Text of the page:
Coco Gauff, the 15-year-old tennis player who burst onto the professional scene with a stunning victory over Venus Williams last week, is leaving Wimbledon with a loss in straight sets — and a host of new fans ready to motivate her for the next tournament.
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“Your journey is far from over, @CocoGauff,” tennis legend Billie Jean King tweeted. “Looking forward to watching your future successes on the court and off. #BigFan”
Gauff’s eye-catching debut at Wimbledon came to an end Monday in the fourth round with a loss to Romanian star Simona Halep, 27, who was seeded No. 7, 6-3, 6-3.
“I hope they learned about me that I’m a fighter,” Gauff said in a post-match press conference after her loss about her new fans. “I’ll never give up. I hope they learned from me that, I mean, anything is possible if you work hard, just continue to dream big.”
It’s likely Gauff’s Wimbledon success, which made her an overnight sensation, will outlive her loss. In the first round of ladies’ singles, Gauff beat her icon, Williams, 39, 6-4, 6-4. To get there in the first place, Gauff became the youngest player to ever qualify for Wimbledon.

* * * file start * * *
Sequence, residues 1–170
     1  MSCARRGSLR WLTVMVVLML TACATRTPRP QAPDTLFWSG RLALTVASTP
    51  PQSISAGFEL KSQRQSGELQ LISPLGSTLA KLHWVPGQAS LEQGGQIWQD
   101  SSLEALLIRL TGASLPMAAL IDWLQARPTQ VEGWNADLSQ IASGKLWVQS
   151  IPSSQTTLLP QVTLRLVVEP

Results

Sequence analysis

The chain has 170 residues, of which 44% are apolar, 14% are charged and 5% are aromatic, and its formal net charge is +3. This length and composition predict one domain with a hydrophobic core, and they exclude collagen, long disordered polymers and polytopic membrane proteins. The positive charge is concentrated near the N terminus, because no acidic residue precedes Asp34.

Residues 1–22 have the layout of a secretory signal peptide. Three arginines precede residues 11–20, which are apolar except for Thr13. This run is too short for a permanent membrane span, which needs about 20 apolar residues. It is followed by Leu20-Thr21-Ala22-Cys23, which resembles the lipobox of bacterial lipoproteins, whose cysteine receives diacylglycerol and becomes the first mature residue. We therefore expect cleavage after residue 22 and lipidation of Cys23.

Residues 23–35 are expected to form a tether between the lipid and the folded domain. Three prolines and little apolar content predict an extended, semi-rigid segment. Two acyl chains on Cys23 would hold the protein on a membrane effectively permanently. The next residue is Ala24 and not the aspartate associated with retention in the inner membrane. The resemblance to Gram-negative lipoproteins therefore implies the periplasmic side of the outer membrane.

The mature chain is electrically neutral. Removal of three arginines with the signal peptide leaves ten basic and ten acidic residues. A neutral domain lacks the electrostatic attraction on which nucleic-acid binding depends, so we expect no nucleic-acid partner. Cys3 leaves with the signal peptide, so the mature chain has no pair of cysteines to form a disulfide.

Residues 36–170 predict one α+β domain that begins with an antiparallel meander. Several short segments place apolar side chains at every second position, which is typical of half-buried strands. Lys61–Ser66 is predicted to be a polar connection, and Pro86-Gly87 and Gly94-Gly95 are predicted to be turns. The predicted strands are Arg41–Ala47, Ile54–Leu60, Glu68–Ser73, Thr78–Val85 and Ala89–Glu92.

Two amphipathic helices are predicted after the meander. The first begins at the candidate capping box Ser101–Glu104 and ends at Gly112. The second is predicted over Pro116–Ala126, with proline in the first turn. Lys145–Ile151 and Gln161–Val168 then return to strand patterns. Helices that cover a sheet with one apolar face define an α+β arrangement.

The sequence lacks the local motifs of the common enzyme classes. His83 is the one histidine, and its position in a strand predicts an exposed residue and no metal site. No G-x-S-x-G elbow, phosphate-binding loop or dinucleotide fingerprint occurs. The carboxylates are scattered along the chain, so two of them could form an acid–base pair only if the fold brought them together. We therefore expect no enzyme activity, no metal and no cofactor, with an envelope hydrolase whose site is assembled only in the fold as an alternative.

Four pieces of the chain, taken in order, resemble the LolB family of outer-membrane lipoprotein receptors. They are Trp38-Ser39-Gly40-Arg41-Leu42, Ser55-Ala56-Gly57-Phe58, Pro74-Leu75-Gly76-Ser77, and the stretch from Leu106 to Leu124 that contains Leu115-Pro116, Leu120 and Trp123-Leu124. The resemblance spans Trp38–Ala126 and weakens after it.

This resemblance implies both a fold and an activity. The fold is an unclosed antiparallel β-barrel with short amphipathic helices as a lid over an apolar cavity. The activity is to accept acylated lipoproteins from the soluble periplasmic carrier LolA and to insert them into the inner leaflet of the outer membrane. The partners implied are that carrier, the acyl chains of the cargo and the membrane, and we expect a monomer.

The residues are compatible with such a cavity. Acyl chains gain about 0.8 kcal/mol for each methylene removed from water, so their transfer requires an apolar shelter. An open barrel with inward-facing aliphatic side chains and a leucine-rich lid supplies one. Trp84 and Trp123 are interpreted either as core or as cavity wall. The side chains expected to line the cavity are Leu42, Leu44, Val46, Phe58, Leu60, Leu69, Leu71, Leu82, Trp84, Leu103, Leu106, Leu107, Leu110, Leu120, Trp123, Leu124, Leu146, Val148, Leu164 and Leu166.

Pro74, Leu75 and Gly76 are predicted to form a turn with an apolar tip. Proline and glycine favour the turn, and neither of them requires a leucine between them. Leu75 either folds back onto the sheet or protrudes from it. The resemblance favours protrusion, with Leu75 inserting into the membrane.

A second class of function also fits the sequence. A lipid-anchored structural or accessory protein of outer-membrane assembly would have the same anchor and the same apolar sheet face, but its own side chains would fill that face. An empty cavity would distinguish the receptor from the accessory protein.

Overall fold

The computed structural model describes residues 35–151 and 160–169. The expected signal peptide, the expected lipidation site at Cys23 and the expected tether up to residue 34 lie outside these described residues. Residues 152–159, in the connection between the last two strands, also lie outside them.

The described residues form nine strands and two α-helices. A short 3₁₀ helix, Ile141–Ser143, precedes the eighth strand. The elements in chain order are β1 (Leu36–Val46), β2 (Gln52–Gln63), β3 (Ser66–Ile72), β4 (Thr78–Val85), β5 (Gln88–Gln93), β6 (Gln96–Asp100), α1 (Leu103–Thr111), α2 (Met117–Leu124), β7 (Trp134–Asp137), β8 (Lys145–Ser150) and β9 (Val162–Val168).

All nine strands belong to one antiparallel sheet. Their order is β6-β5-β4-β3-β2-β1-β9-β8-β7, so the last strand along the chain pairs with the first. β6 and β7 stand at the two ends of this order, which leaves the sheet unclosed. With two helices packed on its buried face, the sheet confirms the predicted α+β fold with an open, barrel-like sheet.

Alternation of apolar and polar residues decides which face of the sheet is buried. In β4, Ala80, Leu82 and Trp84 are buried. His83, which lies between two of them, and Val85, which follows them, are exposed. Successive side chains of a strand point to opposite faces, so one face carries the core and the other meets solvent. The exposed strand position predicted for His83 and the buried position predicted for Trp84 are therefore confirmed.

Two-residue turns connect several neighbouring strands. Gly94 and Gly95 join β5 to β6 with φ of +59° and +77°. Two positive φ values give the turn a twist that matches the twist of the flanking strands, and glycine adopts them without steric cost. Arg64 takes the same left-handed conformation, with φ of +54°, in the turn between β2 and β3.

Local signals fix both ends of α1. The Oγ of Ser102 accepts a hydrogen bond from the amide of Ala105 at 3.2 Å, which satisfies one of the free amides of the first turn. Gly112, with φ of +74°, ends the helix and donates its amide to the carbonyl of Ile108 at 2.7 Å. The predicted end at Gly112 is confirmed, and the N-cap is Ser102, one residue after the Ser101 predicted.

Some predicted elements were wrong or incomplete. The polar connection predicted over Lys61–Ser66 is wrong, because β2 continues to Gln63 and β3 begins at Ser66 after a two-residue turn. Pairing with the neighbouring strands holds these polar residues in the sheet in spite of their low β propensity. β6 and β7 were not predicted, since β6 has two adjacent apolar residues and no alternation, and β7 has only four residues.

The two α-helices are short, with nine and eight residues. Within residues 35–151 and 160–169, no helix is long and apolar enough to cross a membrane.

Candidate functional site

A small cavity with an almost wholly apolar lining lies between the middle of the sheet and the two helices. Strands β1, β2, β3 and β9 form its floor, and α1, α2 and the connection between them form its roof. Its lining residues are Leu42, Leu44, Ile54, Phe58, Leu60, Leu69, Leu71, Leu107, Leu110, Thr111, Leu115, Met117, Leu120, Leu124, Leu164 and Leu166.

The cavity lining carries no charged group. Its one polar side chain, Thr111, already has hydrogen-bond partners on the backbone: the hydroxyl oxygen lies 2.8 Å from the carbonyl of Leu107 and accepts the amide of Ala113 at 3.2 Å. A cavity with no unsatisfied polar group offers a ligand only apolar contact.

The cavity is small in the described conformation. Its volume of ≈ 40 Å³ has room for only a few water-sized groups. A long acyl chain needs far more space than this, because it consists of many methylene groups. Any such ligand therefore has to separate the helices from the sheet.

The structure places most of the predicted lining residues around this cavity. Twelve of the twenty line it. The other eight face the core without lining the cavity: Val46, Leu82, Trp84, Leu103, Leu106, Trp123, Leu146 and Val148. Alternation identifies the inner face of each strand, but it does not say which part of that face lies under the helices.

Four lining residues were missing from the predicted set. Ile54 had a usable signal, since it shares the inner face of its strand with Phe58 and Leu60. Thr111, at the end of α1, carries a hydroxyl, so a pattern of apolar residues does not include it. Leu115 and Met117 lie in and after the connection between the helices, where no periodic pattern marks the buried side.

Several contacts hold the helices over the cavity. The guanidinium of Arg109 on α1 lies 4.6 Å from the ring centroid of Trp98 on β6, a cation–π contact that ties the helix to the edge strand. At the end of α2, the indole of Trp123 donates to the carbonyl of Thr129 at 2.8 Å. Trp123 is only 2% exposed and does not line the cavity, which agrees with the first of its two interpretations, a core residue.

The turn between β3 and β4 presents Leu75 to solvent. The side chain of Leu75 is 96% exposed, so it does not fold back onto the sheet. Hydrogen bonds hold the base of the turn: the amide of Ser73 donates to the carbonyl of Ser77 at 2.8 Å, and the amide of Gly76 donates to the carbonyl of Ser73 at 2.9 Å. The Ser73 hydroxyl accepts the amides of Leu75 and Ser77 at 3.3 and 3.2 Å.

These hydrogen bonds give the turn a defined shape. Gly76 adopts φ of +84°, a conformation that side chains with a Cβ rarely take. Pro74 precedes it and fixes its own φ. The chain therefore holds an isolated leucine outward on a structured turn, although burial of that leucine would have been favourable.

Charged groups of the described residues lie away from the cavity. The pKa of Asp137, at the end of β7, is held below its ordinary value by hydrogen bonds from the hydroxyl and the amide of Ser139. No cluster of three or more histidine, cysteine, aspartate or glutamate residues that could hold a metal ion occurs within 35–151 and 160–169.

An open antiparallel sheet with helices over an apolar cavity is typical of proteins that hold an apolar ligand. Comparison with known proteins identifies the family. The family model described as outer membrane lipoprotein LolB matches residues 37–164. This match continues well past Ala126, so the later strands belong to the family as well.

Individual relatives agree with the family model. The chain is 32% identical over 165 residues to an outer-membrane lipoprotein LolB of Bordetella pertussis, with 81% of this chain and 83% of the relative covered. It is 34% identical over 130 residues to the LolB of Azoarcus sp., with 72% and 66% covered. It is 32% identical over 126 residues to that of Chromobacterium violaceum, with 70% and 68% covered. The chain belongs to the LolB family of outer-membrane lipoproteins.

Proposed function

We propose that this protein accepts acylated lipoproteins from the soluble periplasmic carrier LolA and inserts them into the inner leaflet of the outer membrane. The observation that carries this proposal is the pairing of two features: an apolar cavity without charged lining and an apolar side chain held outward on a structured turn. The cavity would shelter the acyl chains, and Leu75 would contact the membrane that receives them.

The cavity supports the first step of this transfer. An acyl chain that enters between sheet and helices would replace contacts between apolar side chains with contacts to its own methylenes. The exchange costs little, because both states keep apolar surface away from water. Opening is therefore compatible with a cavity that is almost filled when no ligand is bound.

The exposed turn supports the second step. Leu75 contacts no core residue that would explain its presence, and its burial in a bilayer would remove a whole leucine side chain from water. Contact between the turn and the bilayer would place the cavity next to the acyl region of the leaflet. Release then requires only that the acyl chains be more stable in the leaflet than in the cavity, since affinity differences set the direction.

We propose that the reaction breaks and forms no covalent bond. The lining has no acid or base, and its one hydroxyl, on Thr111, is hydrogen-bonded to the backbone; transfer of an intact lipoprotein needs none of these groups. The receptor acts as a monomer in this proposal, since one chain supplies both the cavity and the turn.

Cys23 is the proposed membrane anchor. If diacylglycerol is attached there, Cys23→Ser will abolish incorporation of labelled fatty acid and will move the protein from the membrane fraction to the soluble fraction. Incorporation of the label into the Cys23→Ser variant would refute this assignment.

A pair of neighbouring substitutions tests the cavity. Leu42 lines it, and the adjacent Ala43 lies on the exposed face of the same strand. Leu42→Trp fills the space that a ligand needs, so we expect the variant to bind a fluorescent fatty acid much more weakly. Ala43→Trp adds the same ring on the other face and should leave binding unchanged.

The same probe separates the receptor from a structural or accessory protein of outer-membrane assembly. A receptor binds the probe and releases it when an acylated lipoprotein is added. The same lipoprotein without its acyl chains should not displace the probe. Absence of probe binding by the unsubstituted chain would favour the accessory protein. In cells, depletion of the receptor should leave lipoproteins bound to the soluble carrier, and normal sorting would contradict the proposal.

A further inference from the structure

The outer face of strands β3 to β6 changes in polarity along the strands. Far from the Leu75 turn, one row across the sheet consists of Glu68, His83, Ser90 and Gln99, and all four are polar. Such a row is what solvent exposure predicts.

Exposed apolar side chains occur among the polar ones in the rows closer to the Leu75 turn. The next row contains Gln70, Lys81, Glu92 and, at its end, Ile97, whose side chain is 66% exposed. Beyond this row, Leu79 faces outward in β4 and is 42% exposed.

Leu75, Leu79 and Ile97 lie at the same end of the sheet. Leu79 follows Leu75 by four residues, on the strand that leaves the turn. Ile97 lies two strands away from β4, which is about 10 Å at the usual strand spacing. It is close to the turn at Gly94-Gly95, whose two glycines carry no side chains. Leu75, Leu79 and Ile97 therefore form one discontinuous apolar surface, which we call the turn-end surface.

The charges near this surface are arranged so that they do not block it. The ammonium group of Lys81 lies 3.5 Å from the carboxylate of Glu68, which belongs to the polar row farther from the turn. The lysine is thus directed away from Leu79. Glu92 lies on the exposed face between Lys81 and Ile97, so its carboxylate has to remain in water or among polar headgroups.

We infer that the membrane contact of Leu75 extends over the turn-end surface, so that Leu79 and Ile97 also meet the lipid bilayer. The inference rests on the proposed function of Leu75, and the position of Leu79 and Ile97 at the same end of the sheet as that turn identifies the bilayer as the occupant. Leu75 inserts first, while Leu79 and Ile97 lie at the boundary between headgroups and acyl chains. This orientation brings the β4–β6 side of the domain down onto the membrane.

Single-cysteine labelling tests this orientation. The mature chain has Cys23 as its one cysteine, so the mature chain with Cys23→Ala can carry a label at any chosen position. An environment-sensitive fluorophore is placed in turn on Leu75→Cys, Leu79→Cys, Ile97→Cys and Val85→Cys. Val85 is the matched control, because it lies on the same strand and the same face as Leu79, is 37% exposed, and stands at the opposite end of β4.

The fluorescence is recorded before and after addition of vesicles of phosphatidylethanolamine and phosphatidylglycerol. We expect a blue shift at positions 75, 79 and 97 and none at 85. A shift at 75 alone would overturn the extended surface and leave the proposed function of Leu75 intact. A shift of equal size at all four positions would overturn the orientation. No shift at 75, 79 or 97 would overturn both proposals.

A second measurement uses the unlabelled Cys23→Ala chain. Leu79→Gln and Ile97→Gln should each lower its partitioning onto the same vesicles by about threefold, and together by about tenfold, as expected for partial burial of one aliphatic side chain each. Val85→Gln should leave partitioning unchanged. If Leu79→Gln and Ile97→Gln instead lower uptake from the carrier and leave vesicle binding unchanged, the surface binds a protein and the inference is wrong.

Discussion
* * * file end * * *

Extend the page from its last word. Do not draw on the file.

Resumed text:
She and her parents became visibly emotional after that match, and they quickly won over tennis fans everywhere. In an interview with “GMA,” Gauff’s parents credited Venus and her sister Serena Williams for paving the way.
“We hadn’t seen many African-American women in the sport, so when they started winning and having success and trailblazing, some of the challenges that they went through made it a lot easier to get into the sport and it allowed us to be a lot more confident about choosing [tennis],” Gauff’s father, Corey, said.